Gessen wrote her alarm as other pro-migration advocates created an extraordinary media and activist outrage over the White House’s policy of prosecuting all border crossers, including those who bring their children to exploit the Flores loophole which allows them to get jobs in the United States. The adults’ prosecution requires they be kept in jails, and their children must be sheltered elsewhere, which allows activists and media outlets to declare a “child separation” furor.

Gessen’s alarm is being spread by the former head of Obama’s domestic policy council, Cecilia Muñoz, who also ran the La Raza ethnic advocacy group before her White House appointment:

The former president of the American Immigration Lawyers Association suggested that citizens would not be safe from the administration’s “brutal assault on immigrants & children.”

Gessen started the alarm after she wrote about the first case where fraud was cited to invalidate a migrant’s citizenship. The Department of Justice said about the first case:

Baljinder Singh aka Davinder Singh, 43, a native of India, arrived at San Francisco International Airport on Sept. 25, 1991, without any travel documents or proof of identity. He claimed his name was Davinder Singh. He was placed in exclusion proceedings, but failed to appear for his immigration court hearing and was ordered excluded and deported on Jan. 7, 1992. Four weeks later, on Feb. 6, 1992, he filed an asylum application under the name Baljinder Singh. He claimed to be an Indian who entered the United States without inspection. Singh abandoned that application after he married a U.S. citizen, who filed a visa petition on his behalf. Singh naturalized under the name Baljinder Singh on July 28, 2006. Singh has been residing in Carteret, New Jersey.

In contrast, Gessen suggested fraudsters should be allowed to keep citizenship, and only criminals should be sent home:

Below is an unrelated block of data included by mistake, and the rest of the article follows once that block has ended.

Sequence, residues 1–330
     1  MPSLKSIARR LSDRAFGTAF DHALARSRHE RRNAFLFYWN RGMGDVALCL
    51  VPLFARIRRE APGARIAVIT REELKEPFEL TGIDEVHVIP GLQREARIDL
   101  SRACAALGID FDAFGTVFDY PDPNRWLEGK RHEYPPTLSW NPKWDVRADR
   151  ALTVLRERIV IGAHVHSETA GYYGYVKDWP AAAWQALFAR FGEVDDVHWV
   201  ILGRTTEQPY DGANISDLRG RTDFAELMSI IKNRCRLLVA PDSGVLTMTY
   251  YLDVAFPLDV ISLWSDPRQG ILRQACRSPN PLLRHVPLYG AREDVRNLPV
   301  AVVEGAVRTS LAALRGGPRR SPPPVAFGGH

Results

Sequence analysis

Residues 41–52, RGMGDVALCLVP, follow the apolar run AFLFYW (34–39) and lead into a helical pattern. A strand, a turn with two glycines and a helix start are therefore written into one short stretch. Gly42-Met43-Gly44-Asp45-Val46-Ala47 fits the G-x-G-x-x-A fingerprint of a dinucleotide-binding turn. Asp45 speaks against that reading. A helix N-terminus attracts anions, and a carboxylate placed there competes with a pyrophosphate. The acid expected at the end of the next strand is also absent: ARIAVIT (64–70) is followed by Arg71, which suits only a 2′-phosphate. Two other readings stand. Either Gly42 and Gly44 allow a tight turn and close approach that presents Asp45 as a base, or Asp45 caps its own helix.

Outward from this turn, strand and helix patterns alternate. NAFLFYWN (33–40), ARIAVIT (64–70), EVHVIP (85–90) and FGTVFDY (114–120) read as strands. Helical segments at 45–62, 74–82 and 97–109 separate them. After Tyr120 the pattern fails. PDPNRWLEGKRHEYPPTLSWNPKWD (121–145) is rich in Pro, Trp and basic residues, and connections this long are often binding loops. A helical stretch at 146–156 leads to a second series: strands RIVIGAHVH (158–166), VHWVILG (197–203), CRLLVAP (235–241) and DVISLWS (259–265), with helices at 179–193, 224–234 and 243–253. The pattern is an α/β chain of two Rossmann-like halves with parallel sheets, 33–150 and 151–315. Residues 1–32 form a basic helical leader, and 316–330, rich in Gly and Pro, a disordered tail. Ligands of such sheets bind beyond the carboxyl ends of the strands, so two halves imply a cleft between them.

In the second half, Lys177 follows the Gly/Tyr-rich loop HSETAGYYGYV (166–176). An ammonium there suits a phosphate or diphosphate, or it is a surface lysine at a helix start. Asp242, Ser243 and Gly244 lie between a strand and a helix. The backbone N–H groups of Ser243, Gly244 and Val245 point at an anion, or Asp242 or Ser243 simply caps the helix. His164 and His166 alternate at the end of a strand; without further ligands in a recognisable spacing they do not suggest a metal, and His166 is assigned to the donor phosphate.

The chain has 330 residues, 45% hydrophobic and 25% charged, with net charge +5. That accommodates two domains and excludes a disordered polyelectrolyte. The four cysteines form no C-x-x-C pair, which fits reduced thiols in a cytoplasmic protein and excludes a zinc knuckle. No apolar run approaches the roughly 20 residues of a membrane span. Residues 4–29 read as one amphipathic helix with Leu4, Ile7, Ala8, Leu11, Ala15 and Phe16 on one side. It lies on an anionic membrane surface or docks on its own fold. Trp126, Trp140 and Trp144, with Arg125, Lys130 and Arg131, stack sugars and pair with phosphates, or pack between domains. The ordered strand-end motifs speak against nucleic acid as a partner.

Singh was not a war criminal, or any other kind of criminal, but his immigration process had been a mess, and may have involved the intentional fudging of his first name.

Gessen is an immigrant from Russia and is also an open-border advocate, writing June 22 that:

Outside the political mainstream, activists and academics have questioned the certainty that borders must be protected, or that those who live within the borders are automatically entitled to enforce them …

opposition to Trump’s war on immigrants does not rest on the defense of open borders. But thoughtful opposition should include at least questioning the facile dichotomies and the unchallenged premises that undergird the current immigration conversation.

Gessen’s decision to downplay fraud in the American immigration system comes as Department of Justice reports several examples of citizenship fraud:

Parvez Manzoor Khan aka Mohammad Akhtar and Jaweed Khan, 60, a native of Pakistan, arrived at Los Angeles International Airport on Dec. 7, 1991, bearing a Pakistani passport in the name of Mohammad Akhtar. Immigration officials determined that the photo in the passport had been altered. Khan then applied for asylum, claiming his true name was Jaweed Khan. Khan failed to appear in immigration court and was ordered excluded and deported on Feb. 26, 1992. He subsequently failed to surrender for deportation. After having married a U.S. citizen, Khan, using the alias Parvez Manzoor Khan, was granted permanent resident status in 2001. He naturalized on July 3, 2006. Khan has been residing in Branford, Florida.